Characteristics of gastric stump cancer

A single hospital retrospective analysis of 262 patients

Tomoyuki Irino, Naoki Hiki, Manabu Ohashi, Souya Nunobe, Masanori Tokunaga, Takeshi Sano, Toshiharu Yamaguchi

Research output: Contribution to journalArticle

5 Citations (Scopus)

Abstract

Background Owing to its relative rarity, the characteristics of gastric stump cancer (GSC) have not been fully understood. In this study, we clarified the detailed characteristics from a large cohort of GSC patients. Patients and methods For this retrospective cohort study from 1 hospital in Japan, we recruited 262 GSC patients who underwent surgery for GSC between 1984 and 2012. GSC was defined in accordance with Japanese Gastric Cancer Association. Stage was categorized in accordance with the 7th TNM classification for primary gastric cancer. Results Although the time interval between the primary and second operations differed significantly depending on the primary disease (34.3 years for benign vs 9.9 years for malignant on average), it did not influence survival. The 5-year overall survival rates of patients with N0, N1, N2, and N3 were 70.4%, 27.7%, 21.8%, and 6.4%, respectively, whereas the rates for those with stage I, II, III, and IV were 77.8%, 37.4%, 18.6%, and 10.5%, respectively. Recurrence in the peritoneum was the most common pattern, followed by recurrence in the local region or lymph nodes. The Cox proportional hazard model demonstrated that age > 65, T stage, N stage, and tumor histology were significant independent prognostic factors for survival, whereas neither primary disease nor primary anastomosis type significantly impacted survival. Conclusion Neither primary disease nor anastomosis type affected survival significantly, despite significant differences in their characteristics. In addition, the time interval between the primary and second surgery did not impact survival.

Original languageEnglish
Pages (from-to)1539-1547
Number of pages9
JournalSurgery (United States)
Volume159
Issue number6
DOIs
Publication statusPublished - 2016 Jun 1
Externally publishedYes

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Gastric Stump
Stomach Neoplasms
Survival
Recurrence
Neoplasm Staging
Peritoneum
Proportional Hazards Models
Histology
Japan
Cohort Studies
Survival Rate
Retrospective Studies
Lymph Nodes

ASJC Scopus subject areas

  • Surgery

Cite this

Irino, T., Hiki, N., Ohashi, M., Nunobe, S., Tokunaga, M., Sano, T., & Yamaguchi, T. (2016). Characteristics of gastric stump cancer: A single hospital retrospective analysis of 262 patients. Surgery (United States), 159(6), 1539-1547. https://doi.org/10.1016/j.surg.2016.01.003

Characteristics of gastric stump cancer : A single hospital retrospective analysis of 262 patients. / Irino, Tomoyuki; Hiki, Naoki; Ohashi, Manabu; Nunobe, Souya; Tokunaga, Masanori; Sano, Takeshi; Yamaguchi, Toshiharu.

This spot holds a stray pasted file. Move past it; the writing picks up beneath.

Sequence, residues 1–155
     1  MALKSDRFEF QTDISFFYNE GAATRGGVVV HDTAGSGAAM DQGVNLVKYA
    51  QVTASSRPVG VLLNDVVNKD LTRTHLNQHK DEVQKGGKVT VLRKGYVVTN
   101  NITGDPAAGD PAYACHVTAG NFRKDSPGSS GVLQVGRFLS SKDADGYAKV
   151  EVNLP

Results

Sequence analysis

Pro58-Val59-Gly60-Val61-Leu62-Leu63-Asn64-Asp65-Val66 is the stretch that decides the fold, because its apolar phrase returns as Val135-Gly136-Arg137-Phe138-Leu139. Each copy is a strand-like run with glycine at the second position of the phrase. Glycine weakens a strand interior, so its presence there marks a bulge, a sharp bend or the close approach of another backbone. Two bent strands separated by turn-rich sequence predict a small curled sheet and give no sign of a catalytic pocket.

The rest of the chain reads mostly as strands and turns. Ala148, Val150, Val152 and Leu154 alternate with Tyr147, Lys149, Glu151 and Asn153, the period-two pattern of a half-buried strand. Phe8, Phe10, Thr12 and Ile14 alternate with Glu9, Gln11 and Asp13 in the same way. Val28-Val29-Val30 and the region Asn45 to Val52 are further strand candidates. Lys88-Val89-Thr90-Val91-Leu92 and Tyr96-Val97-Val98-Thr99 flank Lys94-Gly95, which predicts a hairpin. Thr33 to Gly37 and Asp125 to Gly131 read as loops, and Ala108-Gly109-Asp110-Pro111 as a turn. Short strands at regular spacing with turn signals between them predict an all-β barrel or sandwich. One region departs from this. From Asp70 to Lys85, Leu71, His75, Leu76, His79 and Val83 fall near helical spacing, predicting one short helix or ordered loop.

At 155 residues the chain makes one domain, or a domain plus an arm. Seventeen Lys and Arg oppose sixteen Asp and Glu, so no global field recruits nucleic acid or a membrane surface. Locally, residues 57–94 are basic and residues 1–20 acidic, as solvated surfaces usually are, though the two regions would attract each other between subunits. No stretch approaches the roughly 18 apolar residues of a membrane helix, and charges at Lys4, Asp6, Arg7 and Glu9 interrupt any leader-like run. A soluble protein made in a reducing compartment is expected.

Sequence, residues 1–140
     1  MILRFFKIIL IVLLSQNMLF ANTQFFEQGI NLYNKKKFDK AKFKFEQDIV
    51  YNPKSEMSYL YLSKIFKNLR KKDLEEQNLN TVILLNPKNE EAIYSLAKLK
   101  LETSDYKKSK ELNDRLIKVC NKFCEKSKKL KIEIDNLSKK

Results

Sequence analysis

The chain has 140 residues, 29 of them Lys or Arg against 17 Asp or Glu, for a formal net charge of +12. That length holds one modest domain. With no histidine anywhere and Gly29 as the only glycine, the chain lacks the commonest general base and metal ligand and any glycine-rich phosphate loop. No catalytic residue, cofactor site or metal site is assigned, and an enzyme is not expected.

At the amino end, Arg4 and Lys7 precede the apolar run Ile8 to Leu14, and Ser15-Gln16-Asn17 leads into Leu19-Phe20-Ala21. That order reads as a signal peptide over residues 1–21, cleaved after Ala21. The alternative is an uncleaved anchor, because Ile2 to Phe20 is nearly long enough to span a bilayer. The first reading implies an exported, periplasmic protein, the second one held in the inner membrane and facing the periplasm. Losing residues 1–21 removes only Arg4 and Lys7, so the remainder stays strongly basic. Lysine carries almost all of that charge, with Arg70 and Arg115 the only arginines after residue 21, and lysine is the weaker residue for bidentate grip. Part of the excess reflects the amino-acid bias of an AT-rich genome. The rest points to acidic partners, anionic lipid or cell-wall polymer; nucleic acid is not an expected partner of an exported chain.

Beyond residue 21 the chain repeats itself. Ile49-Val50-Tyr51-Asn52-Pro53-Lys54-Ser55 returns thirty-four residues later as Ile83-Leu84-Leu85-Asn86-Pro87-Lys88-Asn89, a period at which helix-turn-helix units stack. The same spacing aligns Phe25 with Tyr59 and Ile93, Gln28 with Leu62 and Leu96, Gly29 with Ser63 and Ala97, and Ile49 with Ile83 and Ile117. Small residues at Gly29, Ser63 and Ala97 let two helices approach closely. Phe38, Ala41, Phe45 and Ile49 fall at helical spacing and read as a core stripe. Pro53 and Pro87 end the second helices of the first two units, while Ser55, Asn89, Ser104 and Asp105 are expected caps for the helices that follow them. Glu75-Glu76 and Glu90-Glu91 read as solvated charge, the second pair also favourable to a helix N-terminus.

In: Surgery (United States), Vol. 159, No. 6, 01.06.2016, p. 1539-1547.

Research output: Contribution to journalArticle

Irino, T, Hiki, N, Ohashi, M, Nunobe, S, Tokunaga, M, Sano, T & Yamaguchi, T 2016, 'Characteristics of gastric stump cancer: A single hospital retrospective analysis of 262 patients', Surgery (United States), vol. 159, no. 6, pp. 1539-1547. https://doi.org/10.1016/j.surg.2016.01.003
Irino, Tomoyuki ; Hiki, Naoki ; Ohashi, Manabu ; Nunobe, Souya ; Tokunaga, Masanori ; Sano, Takeshi ; Yamaguchi, Toshiharu. / Characteristics of gastric stump cancer : A single hospital retrospective analysis of 262 patients. In: Surgery (United States). 2016 ; Vol. 159, No. 6. pp. 1539-1547.
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AB - Background Owing to its relative rarity, the characteristics of gastric stump cancer (GSC) have not been fully understood. In this study, we clarified the detailed characteristics from a large cohort of GSC patients. Patients and methods For this retrospective cohort study from 1 hospital in Japan, we recruited 262 GSC patients who underwent surgery for GSC between 1984 and 2012. GSC was defined in accordance with Japanese Gastric Cancer Association. Stage was categorized in accordance with the 7th TNM classification for primary gastric cancer. Results Although the time interval between the primary and second operations differed significantly depending on the primary disease (34.3 years for benign vs 9.9 years for malignant on average), it did not influence survival. The 5-year overall survival rates of patients with N0, N1, N2, and N3 were 70.4%, 27.7%, 21.8%, and 6.4%, respectively, whereas the rates for those with stage I, II, III, and IV were 77.8%, 37.4%, 18.6%, and 10.5%, respectively. Recurrence in the peritoneum was the most common pattern, followed by recurrence in the local region or lymph nodes. The Cox proportional hazard model demonstrated that age > 65, T stage, N stage, and tumor histology were significant independent prognostic factors for survival, whereas neither primary disease nor primary anastomosis type significantly impacted survival. Conclusion Neither primary disease nor anastomosis type affected survival significantly, despite significant differences in their characteristics. In addition, the time interval between the primary and second surgery did not impact survival.

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